Tuesday, October 23, 2007

Further Rant on Periods

In my previous post, i've described the 3 periods in a concise and affirming way. Another reason for such categorization is due to ever-present critique of my negative view on pre-critical and critical methods of doing theology, biblical studies, and philosophy; in 3 easy words: of doing Life.

For eg. whenever i condemn pre-critical method of doing biblical studies, Steven and Dave Chong would unleash their ever-ready swords of the(ir) spirit and say that those pre-critical thinkers are no less critical in their exegesis of texts. I admit that the notion 'pre-critical' does naturally connotes non-criticality, but it does not necessarily mean so, and definitely not in the way I (and many others) use it. Pre-critical IS NOT non-critical. Just as post-critical does not mean the abandonment of criticality.

This is my updated appropriation of these periods:

In the Pre-critical period, heretics are burned, slaughtered, guillotined, drowned, castrated(?) or other bloody punishment.

In the Critical Period, heretics are excommunicated and ecclesiastically-condemned.

In the Post-critical period, heretics are not only not being excommunicated or ecclesiastically-condemned, they are still being invited to Christmas parties, children's birthday celebrations, Sunday services, and do life together.

In view with this definitions, one might ask, "where then is the notion of critically applies?"

To use St. Paul as a bad analogy, pre-criticality is the pre-convert Saul. He is faithful to God and in so doing, he went around villages and towns, dragging heretics to be punished. When Saul met Christ on the road to Damascus,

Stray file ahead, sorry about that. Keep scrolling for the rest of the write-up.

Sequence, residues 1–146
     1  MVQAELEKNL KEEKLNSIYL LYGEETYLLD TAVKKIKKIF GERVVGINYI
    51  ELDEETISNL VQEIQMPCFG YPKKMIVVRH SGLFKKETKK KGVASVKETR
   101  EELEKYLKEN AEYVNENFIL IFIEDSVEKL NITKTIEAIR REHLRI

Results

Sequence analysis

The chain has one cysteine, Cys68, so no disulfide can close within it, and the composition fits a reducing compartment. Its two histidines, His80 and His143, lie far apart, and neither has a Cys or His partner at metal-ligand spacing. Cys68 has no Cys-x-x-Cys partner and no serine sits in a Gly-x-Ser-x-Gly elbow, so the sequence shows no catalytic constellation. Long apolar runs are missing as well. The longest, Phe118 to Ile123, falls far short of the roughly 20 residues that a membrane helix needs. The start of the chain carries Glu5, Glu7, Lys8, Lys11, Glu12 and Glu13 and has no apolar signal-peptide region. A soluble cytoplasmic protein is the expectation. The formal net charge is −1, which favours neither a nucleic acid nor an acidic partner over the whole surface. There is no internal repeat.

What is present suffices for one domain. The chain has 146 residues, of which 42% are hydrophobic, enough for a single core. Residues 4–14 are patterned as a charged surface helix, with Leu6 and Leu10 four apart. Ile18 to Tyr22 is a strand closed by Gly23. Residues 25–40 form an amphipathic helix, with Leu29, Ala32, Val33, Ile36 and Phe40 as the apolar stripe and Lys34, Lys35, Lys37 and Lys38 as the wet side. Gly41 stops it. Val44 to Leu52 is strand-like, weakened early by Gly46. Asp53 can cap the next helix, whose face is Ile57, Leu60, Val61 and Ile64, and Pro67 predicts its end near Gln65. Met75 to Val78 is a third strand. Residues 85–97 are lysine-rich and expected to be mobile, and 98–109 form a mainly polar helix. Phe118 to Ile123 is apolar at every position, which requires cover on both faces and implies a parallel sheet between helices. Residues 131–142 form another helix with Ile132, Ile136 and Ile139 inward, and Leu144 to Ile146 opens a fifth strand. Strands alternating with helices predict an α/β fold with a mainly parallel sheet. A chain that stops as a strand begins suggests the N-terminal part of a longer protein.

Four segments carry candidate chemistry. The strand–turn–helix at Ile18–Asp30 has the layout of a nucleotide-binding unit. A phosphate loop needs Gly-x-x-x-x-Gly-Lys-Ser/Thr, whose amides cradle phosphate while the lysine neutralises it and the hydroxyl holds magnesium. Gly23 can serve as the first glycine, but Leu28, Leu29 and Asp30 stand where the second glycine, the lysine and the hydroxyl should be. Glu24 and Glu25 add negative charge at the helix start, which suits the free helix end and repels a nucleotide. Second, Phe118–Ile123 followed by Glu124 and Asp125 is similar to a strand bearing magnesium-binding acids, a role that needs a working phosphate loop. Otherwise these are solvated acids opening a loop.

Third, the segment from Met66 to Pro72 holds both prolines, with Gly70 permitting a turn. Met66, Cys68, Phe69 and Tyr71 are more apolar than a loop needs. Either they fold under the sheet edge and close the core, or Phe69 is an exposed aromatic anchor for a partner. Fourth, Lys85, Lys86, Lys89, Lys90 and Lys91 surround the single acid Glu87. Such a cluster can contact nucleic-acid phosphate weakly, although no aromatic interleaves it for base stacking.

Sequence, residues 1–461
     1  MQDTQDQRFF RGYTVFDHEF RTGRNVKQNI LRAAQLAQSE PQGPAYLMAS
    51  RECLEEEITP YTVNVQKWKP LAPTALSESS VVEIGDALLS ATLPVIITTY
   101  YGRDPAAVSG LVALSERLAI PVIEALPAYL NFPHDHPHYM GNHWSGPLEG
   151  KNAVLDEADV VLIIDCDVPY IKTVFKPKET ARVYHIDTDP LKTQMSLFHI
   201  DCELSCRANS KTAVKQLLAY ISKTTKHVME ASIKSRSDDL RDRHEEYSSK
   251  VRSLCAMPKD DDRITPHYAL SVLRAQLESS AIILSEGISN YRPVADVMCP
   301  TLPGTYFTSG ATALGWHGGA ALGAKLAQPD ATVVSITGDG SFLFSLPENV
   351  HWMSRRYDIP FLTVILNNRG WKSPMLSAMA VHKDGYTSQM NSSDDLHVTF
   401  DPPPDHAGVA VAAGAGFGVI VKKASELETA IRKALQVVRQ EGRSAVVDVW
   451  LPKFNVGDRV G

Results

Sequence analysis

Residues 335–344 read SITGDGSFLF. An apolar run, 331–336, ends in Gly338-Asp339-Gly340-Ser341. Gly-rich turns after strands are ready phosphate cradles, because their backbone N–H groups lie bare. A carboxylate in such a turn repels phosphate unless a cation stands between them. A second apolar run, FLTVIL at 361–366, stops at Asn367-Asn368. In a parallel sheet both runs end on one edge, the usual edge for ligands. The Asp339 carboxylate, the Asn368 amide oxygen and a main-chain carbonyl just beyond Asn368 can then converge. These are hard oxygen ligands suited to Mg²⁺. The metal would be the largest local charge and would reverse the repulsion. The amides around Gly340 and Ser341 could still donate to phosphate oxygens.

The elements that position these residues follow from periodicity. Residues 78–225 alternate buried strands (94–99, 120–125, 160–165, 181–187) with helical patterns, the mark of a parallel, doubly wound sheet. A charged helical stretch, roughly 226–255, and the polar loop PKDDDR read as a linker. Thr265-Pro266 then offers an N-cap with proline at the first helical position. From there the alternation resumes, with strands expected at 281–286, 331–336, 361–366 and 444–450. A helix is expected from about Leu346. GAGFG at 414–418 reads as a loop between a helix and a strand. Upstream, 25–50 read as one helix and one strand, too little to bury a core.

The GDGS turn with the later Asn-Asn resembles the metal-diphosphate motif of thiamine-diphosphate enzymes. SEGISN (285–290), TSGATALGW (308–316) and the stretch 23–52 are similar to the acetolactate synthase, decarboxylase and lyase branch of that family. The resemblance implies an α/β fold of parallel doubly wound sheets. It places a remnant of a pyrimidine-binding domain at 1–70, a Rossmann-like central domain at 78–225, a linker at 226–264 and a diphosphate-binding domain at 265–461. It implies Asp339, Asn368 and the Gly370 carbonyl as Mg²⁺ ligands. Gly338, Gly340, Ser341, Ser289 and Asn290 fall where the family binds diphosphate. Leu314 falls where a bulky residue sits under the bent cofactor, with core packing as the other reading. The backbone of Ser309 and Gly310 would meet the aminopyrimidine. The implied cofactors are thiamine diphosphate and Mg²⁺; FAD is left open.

that was the critical period of his life. That time he realizes that the God that he was serving all this while is actually the God who he was persecuting. Thus he was in that sense 'converted' to the belief that Jesus is the promised Messiah who is now known to be divine and eternal, sharing the very throne of YHWH. After the conversion, St. Paul further interpret and appropriat his theology and mission (thus, his life) in accordance with this revelation. This 'further appropriation' is the post-critical.

To draw that to humanity's progress in epistemology, the pre-critical hominids use Reason and apply criticality on that perceived Reason. The Reformation and later, the Enlightenment, played the part of 'Christophany' where humans are being revealed the more encompassing potential of the role of Reason. And the post-critical period marks the further appropriation of the role of Reason, and thus the recognition of the limits and weaknesses of its potential as well.

In other words, humans have never failed to be critical in these 3 periods. The distinction is that they differ in their appreciation and interpretation of the roles, limits, and boundaries of Reason. Thus, whenever I mentioned 'pre-critical', I do not mean that those hominids are not critical. Just as when I use 'post-critical', that does not mean the desertion of criticality.

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